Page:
 Polling locations with a large number of total voters where a smaller proportion of voters were asked to fill out questionnaires (i.e. participate in the poll)

So how do all these factors that contributed to a high discrepancy between the exit polls and the official results (i.e. red shift) support the contention that Bush voters were less likely to participate in the exit polls than Kerry voters? Mitofsky doesnt explain this in his report. As I noted above, the only analyses that looked directly at the reluctant Bush voter hypothesis provided strong evidence against it. Nor does the Mitofsky report contain any quantitative assessment of the extent to which he believes that the above factors caused exit poll bias.

3. The potential role of election fraud
What about the role of election fraud. Mitofsky barely discusses that possibility except to say that their data doesnt support that possibility, and to offer as evidence for that statement the fact that he found no systematic differences for precincts using touch screen and optical scan voting equipment. The fact that there was a great difference between precincts using paper ballots and those using machines to count their vote is not mentioned in their report at all, except that it appears in the table that I reproduced above.

Direct evidence of various kinds of election fraud will be discussed in subsequent chapters. In this chapter I will simply mention a couple lines of evidence that were immediately apparent from looking at available data.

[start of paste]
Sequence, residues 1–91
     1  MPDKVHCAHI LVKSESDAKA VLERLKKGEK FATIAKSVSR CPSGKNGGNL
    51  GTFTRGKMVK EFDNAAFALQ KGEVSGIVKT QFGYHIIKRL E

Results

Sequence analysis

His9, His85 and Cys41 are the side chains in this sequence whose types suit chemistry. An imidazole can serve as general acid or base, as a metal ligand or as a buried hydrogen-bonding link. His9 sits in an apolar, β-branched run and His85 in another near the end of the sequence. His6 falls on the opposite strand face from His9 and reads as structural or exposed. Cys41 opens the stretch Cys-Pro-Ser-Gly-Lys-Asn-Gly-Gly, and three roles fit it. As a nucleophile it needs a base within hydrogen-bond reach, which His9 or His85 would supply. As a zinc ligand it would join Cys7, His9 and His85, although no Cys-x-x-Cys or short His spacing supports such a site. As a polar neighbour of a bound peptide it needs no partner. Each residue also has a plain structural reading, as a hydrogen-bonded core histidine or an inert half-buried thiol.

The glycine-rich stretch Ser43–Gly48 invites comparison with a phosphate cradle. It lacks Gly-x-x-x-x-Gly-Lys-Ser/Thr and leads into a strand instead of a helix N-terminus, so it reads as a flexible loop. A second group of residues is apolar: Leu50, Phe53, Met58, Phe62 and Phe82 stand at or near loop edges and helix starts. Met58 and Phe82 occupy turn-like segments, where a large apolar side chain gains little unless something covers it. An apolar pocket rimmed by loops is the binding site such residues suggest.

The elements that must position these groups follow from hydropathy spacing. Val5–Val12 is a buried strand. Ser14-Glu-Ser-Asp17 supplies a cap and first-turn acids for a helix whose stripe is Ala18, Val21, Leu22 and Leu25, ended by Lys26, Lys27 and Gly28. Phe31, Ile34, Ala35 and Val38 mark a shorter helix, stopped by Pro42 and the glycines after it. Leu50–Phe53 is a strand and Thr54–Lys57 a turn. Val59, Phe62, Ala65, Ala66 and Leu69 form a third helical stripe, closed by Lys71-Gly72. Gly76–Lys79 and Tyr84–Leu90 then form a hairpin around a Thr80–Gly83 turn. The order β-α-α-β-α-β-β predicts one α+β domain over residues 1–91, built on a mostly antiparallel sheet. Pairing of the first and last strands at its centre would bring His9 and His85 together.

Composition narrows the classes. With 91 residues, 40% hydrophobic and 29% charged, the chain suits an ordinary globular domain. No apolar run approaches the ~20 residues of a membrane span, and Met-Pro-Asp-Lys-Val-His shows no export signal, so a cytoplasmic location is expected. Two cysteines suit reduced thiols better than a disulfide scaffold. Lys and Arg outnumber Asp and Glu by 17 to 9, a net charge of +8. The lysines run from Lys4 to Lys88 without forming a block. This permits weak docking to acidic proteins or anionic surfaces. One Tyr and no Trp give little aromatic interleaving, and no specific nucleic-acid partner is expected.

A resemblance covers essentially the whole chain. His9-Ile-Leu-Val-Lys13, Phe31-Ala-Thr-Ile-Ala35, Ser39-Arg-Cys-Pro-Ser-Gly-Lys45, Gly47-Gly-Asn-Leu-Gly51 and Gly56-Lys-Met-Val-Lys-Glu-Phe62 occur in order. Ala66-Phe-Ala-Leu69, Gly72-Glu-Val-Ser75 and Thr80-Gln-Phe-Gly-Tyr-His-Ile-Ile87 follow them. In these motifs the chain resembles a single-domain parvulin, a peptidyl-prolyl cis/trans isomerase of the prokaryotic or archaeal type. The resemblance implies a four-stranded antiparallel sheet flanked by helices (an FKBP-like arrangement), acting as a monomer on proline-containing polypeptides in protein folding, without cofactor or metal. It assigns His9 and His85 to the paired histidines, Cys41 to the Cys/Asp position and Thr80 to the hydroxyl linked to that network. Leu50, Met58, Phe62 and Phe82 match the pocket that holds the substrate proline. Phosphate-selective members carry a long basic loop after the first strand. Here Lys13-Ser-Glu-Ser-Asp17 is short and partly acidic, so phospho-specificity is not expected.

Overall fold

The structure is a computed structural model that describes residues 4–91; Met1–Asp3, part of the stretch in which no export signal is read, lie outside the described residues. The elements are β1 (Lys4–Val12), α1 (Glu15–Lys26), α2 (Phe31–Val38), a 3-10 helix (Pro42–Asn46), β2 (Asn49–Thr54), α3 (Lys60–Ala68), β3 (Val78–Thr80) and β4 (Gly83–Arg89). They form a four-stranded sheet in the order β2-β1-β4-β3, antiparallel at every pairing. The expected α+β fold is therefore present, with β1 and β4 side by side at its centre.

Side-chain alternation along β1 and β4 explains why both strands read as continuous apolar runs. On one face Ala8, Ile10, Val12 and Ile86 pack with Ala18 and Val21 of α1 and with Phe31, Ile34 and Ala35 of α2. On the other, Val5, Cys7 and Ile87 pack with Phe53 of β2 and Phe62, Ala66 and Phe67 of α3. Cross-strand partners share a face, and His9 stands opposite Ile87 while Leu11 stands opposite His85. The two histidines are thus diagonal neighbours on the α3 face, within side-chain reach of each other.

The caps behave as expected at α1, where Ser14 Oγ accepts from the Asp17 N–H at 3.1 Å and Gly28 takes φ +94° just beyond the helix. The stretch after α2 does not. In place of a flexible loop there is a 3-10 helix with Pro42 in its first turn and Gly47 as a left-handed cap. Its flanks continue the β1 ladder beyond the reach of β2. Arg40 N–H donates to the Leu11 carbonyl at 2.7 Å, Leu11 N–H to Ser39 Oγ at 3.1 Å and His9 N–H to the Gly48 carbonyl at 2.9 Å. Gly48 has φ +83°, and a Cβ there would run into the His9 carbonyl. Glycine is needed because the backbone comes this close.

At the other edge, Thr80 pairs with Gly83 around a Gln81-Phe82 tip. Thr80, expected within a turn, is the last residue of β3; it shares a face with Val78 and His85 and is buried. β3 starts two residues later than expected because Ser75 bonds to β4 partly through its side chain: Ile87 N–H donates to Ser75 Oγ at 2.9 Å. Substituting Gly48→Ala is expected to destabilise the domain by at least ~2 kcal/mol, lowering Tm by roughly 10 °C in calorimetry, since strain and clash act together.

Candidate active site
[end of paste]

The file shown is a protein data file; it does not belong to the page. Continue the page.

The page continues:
If the 2004 Presidential election was fraudulent, one would expect more fraud to have occurred in those states where there was a reasonable chance of switching their electoral votes from Kerry to Bush (i.e., the swing or battleground states). Of the 11 main swing states (OH, FL, PA, WI, MN, NM, IA, NV, NH, MI, CO), according to Mitofsky, in five of them there was a discrepancy between the exit polls and the official election results that were outside of the margin of error (Im defining outside of the margin of error as less than a 5% probability of occurring by chance). These five swing states included Ohio, Florida, Pennsylvania, Minnesota, and New Hampshire. Of the remaining 39 states, only 8 were outside of the margin of error (In all 13 states that were outside of the margin of error, the exit polls favored Kerry, compared to the official election results). I believe that this finding supports the suggestion of election fraud.